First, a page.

But he insists that he is absolutely sure about "the Golden Rule, the need to battle cruelty in all its forms, the value of love and charity, humanity and grace" (224).

It should also be said that not only is Obama sure about these principles, he is also sure about himself--that he is the man to transform America just as Lincoln transformed America. In other words, he shows the same intense ambition that Lincoln showed. Actually, Obama is remarkably honest about his Lincolnian ambition and about his fear of the absolute humiliation that comes from losing an election (104-108). Like Lincoln, Obama has been criticized for the messianic character of his ambition--the kind of "towering ambition" that Lincoln warned about in his Lyceum Speech.

As I have indicated in previous posts, Lincoln had much in common with Charles Darwin--and not just their being born on the same day. This includes the idea of evolution, which Lincoln adopted from his reading of Robert Chambers' book The Vestiges of the Natural History of Creation.

Obama agrees. He separates religion and science and indicates that science rightly supports the idea of evolution rather than creationism or intelligent design, because these ideas depend on faith rather than reason. Obama recognizes, however, that this puts him in disagreement with those many Americans who accept biblical creationism (92, 198, 201, 203, 219).

The November 17th issue of The New Yorker has a beautiful cover picture of the Lincoln Memorial at night. The picture is surely intended to remind the readers of Obama's Audacity of Hope of the closing pages of that book.

At the end of the book, Obama admits that sometimes he worries that his political activity is "an exercise in vanity, useful to one one." When he falls into such a mood, he takes a run around the Mall in Washington, and occasionally he will run up to the Lincoln Memorial.

"At night, the great shrine is lit but often empty. Standing between marble columns, I read the Gettysburg Address and the Second Inaugural Address. I look out over the Reflecting Pool, imagining the crowd stilled by Dr. King's mighty cadence, and then beyond that, to the floodlit obelisk and shining Capitol dome."

"And in that place, I think about America and those who built it. This nation's founders, who somehow rose above petty ambitions and narrow calculations to imagine a nation unfurling across a continent. And those like Lincoln and King, who ultimately laid down their lives in the service of perfecting an imperfect union. And all the faceless, nameless men and women, slaves and soldiers and tailors and butchers, constructing lives for themselves and their children and grandchildren, brick by brick, rail by rail, calloused hand by calloused hand, to fill in the landscape of our collective dreams."

"It is that process I wish to be part of."

"My heart is filled with love for this country."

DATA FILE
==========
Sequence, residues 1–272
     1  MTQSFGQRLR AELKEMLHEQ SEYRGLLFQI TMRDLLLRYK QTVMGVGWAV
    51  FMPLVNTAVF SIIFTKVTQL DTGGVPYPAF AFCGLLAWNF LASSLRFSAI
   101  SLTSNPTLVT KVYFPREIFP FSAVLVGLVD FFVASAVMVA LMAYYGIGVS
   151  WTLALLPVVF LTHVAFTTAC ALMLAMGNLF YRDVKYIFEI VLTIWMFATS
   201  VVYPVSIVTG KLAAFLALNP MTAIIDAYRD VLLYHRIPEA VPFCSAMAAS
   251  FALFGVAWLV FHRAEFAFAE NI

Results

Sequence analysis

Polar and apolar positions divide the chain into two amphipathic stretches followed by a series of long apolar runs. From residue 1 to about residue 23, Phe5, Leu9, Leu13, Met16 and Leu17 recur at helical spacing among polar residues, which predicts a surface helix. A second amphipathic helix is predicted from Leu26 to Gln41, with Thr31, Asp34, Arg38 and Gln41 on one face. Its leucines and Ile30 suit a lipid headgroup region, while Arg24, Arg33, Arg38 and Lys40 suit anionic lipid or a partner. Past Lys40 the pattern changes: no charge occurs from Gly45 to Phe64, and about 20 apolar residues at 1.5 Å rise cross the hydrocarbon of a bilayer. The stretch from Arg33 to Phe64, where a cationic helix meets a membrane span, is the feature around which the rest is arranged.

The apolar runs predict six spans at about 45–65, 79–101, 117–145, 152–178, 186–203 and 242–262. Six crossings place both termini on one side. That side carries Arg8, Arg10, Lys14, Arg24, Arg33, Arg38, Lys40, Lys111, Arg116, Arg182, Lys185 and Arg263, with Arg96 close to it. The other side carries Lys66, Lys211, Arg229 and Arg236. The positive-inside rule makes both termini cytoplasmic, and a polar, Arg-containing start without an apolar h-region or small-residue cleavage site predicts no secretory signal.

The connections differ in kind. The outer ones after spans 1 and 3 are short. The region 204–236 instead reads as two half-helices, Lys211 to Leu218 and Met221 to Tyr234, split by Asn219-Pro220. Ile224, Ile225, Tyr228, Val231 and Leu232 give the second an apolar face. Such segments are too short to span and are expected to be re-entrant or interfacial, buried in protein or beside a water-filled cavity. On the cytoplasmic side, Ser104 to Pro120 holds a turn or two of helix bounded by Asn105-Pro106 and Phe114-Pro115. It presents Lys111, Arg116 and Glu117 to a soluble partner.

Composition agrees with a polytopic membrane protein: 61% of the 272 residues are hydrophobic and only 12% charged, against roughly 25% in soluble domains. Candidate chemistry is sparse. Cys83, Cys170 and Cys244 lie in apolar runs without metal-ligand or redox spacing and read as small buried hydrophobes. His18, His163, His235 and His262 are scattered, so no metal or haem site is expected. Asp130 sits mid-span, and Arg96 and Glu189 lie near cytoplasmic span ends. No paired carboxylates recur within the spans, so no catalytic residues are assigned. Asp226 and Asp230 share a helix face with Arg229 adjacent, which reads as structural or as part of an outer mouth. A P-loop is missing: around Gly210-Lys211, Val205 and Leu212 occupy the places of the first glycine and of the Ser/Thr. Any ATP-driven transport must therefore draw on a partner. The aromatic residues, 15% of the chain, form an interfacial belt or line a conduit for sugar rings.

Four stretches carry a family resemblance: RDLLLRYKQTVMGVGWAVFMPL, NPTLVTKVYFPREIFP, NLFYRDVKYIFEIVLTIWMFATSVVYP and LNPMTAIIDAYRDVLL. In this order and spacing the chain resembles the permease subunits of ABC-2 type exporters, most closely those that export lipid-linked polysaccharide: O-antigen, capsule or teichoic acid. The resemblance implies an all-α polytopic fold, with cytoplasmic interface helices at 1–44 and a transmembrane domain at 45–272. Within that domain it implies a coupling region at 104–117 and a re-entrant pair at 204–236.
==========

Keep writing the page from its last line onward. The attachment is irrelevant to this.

This is moving language. But isn't it also disturbing in the way Obama offers himself as the one leader of the country? Previously, I have written a post on how presential greatness subverts republican government.

9 comments:

Paul Allen said...

LArry, This is an interesting read and a great summary of several Obama profiles that appeared before the election. IF there were one thing I would add - it would be to accent Obama's apparent awareness of the dangers of ego. This extends to his intellectual appreciation of what ego and the lust for power consist of being - an instance of the tendency to sin. This he picked up from the theologian Niebuhr, as I wrote about a few months ago in the Toronto Star here:
http://www.thestar.com/article/443383

Paul Allen

Patricia Lanchester said...

Great article. I added a link to it from my post.

Anonymous said...

Professor Arnhart:

Is there not a tension between his (at times) Lincolnian rhetoric and his actual political record? To take one scenario that will certainly test his understanding of and devotion to natural rights and constitutionalism: would you not be surprised if Obama nominates justices who are anything but progressives with a Wilsonian/historicist understanding of constitutional interpretation? - CF

Tony said...

You've got to be kidding.

xlbrl said...

So great an insult could not have been laid upon Lincoln by his enemies.
Lincoln knew a very great mixed race man, and Stephen Douglas would despise Barack Obama. Lincoln would only tremble for his country.

Anonymous said...

Since you've written on Aristotle's Rhetoric you might be interested in this piece in the Guardian on Obama and classical rhetoric:

http://www.guardian.co.uk/world/2008/nov/26/barack-obama-usa1

To me the rhetoric often rings hollow- the tiresome overuse of "change" and "hope". But he does have that rhetorical skill and it sometimes works.

Anonymous said...

My guess is that Mr. xlbrl means to refer to Frederick Douglass, not Stephan Douglas.

The Athenian Stranger said...

How odd for Obama to read Lincoln and yet be in favor of the decision in Dred Scott.

Larry Arnhart said...

Athenian Stranger,

No, Obama is not in favor of the decision in Dred Scott.

He is clear in endorsing Lincoln's argument that the principles of equal liberty in the Declaration of Independence provide the moral principles behind the Constitution, and thus the extension of equal rights in American history is the fulfillment of the original promise of the Declaration and the Constitution.

That why he began his victory speech by invoking the "dreams of our founders."